Eurobike 2011: Giant's new lower-priced carbon models
We’ve already shown you highlights from Giant’s road and mountain collections for 2012 but the company’s display at Eurobike still revealed some pleasant surprises: several new lower-priced carbon models that’ll allow more riders to enjoy the benefits of composite frames but without requiring a second mortgage.
The new Anthem Advanced 2 mates an Advanced-level (Giant’s second-tier composite construction) carbon fiber front triangle to a more economical aluminum rear end, thus gaining some modest weight as compared to the top-shelf Anthem X Advanced SL 0 model but saving a heap of cash.
Other features are wholly carried over, including the new OverDrive 2 front end with its 1-1/4 to 1-1/2in tapered steerer, the 100mm-travel Maestro dual-link rear suspension design, the oversized rectangular-profile down tube, and press-fit bottom bracket cups. A switch to a SRAM X7/X9 drivetrain, a RockShox Reba RL fork and Monarch RT rear shock, and Giant-brand hubs lends additional cost savings.
The carbon fiber front end on giant’s trance x advanced 2 shares the same outer shape as the top-end flagship but a lesser grade of composite fiber to help save money: the carbon fiber front end on giant’s trance x advanced 2 shares the same outer shape as the top-end flagship but a lesser grade of composite fiber to help save moneyJames Huang/BikeRadar
The front end on Giant’s Trance X Advanced 2 shares the same outer shape as the top-end flagship but is made from a lesser grade of composite fiber to save money
The 5in-travel Trance X Advanced 2 adopts a similar formula, using the same front triangle shape as the top-end Trance X Advanced SL 0 but with a lower-grade composite blend and matching it to an all-alloy rear that otherwise retains overall suspension performance. Component substitutions include a Shimano XT/SLX drivetrain, a Fox Float 120 RL Evolution fork (with Giant’s OverDrive 2 steerer dimensions), a Fox RP2 rear shock and Giant house-brand wheels.
Time trialists and triathletes haven’t been forgotten, with the inclusion of two Trinity Composite models for 2012 that use a similar main frame mold as the top-end Trinity Advanced SL bikes (again, with a lower-grade fiber blend) but a more conventional fork and cockpit setup that’s not only cheaper but also more accommodating to average riders’ more upright positions.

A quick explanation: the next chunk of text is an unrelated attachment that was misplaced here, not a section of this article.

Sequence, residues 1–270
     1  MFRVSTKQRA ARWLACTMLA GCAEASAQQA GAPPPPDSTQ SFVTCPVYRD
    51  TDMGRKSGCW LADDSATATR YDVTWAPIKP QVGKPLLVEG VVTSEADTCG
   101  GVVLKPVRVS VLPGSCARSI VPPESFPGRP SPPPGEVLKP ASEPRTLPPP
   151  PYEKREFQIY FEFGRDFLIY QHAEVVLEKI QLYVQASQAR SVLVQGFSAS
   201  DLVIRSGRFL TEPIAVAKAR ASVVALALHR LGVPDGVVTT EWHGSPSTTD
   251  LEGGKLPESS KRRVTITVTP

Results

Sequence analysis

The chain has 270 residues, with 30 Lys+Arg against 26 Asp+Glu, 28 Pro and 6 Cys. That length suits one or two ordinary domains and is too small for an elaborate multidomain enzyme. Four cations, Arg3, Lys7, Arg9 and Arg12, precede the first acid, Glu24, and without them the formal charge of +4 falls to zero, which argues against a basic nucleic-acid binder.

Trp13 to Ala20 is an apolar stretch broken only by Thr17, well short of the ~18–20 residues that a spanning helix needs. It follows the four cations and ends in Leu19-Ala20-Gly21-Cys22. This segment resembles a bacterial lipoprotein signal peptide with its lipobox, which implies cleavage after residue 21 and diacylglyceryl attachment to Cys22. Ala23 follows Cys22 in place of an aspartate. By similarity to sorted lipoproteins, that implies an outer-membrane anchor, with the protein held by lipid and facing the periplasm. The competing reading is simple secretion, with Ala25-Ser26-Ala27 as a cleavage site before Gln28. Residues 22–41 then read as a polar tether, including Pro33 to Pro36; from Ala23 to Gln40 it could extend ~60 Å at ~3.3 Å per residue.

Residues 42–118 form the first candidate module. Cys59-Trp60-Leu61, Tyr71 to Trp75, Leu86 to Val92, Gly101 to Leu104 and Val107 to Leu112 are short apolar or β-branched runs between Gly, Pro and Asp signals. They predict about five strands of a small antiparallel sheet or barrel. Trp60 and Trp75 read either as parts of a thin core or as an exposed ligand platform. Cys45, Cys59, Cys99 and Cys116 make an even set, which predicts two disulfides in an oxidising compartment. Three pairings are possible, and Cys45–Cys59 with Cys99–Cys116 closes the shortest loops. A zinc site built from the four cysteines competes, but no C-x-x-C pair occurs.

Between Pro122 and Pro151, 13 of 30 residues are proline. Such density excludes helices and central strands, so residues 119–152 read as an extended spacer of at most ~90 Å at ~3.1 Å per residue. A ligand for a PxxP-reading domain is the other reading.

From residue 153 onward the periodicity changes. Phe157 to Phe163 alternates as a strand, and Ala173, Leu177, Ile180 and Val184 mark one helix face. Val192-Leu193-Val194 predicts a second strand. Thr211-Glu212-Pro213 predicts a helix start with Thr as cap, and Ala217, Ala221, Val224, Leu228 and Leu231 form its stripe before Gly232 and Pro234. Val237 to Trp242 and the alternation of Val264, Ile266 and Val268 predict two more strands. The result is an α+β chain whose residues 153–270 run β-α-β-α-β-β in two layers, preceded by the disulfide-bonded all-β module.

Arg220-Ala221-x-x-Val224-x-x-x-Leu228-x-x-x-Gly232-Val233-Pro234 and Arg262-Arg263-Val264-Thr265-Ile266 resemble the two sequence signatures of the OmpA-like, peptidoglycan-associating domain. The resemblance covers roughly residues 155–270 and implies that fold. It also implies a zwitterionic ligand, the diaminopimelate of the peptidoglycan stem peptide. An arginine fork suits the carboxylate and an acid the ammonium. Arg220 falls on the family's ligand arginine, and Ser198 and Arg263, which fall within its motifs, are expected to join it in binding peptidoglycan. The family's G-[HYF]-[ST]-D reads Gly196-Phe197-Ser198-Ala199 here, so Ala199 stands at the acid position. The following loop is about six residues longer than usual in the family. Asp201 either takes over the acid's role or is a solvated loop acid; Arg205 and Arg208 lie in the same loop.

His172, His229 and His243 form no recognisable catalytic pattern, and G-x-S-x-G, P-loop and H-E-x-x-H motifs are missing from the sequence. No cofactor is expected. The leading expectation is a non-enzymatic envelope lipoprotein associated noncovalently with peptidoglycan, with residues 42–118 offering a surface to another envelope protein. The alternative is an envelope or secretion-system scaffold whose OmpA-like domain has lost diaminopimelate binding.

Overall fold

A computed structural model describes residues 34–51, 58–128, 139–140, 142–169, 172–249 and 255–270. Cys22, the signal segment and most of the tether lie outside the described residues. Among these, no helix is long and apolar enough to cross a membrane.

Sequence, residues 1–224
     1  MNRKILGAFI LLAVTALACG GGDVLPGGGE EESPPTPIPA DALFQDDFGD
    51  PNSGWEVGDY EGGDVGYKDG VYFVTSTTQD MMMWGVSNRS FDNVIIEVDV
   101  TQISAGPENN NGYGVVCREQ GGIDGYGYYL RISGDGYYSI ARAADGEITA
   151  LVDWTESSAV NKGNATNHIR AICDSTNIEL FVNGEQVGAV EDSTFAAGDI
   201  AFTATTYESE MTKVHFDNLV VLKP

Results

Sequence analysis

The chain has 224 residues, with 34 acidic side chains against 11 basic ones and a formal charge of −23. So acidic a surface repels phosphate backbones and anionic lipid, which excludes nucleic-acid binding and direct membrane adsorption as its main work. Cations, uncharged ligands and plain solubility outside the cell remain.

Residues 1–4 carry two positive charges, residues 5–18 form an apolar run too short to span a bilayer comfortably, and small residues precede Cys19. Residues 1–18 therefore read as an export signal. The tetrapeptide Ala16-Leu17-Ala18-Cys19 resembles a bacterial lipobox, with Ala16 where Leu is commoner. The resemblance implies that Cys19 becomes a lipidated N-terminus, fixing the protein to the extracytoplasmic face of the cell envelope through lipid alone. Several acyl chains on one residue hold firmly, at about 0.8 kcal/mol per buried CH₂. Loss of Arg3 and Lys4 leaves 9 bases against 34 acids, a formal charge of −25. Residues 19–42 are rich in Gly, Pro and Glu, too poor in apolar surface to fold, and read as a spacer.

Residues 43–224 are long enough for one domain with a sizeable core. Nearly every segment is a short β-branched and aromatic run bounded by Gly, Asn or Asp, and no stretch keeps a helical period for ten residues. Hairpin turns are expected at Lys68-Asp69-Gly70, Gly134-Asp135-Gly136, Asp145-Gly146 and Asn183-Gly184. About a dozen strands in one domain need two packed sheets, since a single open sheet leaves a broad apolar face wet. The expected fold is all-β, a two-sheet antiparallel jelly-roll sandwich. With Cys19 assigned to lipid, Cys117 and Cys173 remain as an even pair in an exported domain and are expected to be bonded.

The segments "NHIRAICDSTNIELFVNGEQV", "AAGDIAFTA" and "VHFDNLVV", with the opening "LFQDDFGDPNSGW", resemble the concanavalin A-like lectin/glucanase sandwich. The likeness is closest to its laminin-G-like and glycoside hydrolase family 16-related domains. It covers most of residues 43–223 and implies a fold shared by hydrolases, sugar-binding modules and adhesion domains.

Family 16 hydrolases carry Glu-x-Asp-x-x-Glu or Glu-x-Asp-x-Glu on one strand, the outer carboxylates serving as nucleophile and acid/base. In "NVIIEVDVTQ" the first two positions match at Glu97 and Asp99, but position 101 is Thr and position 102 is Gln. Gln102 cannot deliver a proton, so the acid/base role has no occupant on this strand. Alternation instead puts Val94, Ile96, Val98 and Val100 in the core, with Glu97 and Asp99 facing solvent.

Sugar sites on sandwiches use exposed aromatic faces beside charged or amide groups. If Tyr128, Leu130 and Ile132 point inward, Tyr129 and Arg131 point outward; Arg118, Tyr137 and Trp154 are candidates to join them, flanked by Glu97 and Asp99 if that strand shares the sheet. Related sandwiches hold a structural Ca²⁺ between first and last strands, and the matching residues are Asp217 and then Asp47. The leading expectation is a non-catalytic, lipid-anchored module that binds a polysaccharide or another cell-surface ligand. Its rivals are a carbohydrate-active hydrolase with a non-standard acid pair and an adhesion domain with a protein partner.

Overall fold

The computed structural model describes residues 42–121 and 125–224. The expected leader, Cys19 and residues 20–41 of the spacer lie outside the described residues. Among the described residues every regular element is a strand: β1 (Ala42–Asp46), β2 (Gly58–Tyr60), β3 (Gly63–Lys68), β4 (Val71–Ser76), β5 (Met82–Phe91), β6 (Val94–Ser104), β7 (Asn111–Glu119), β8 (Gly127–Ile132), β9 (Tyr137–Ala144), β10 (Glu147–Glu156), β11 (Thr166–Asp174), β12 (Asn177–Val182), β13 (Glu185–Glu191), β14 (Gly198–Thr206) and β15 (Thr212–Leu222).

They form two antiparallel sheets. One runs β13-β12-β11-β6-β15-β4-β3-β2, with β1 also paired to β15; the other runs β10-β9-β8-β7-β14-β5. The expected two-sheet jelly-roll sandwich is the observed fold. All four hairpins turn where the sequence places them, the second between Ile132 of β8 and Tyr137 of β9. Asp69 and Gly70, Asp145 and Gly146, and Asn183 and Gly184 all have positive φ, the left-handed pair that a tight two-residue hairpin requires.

Giant have added two new lower-priced time trial/triathlon bikes to their 2012 range: the trinity composite 1 shown here plus the trinity composite 2: giant have added two new lower-priced time trial/triathlon bikes to their 2012 range: the trinity composite 1 shown here plus the trinity composite 2James Huang/BikeRadar
Giant have added two new lower-priced time trial/triathlon bikes to their 2012 range: the Trinity Composite 1 shown here plus the Trinity Composite 2
The linear-pull front brake is still tucked away behind the fork crown and the other cables are fed into the top tube behind the stem as usual but the spec definitely takes a hit in order to drop the cost. The Trinity Composite 2 will come with a Shimano Ultegra/105 blend, Shimano R501 wheels and Giant house-brand cockpit components (including the base bar and extensions). Moving up to the Trinity Composite 1 nets a Shimano Ultegra/Dura-Ace mix instead.
Giant also report that their new XtC Composite 29er carbon hardtails are in full production. The company’s global marketing director, An Le, told BikeRadar that Giant decided to enter the carbon 29er hardtail market with their more basic Composite-level carbon construction in order to bring the bikes in at a more attainable pricepoint. Le hinted that higher-end versions are likely to follow, formed in the same mold but with lighter weights and extra stiffness.
Giant’s new xtc composite 29er is in full production: giant’s new xtc composite 29er is in full productionJames Huang/BikeRadar
Giant’s new XtC Composite 29er is in full production, with dealers already delivering bikes to riders